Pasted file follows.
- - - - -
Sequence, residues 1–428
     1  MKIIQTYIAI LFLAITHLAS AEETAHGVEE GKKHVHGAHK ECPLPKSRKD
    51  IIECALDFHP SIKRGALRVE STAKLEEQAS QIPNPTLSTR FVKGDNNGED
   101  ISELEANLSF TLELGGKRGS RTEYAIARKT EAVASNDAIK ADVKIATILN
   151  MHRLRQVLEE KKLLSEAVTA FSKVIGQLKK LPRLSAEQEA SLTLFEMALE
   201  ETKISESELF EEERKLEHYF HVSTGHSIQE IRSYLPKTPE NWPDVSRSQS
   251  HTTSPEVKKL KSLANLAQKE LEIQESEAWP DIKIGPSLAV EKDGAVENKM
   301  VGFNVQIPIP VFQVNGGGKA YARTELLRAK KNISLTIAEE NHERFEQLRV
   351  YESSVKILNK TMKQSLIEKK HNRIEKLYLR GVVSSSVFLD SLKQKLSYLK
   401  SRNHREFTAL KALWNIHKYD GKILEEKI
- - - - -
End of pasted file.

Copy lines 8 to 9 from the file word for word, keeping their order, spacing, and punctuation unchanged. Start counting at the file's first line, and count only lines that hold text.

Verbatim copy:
   301  VGFNVQIPIP VFQVNGGGKA YARTELLRAK KNISLTIAEE NHERFEQLRV
   351  YESSVKILNK TMKQSLIEKK HNRIEKLYLR GVVSSSVFLD SLKQKLSYLK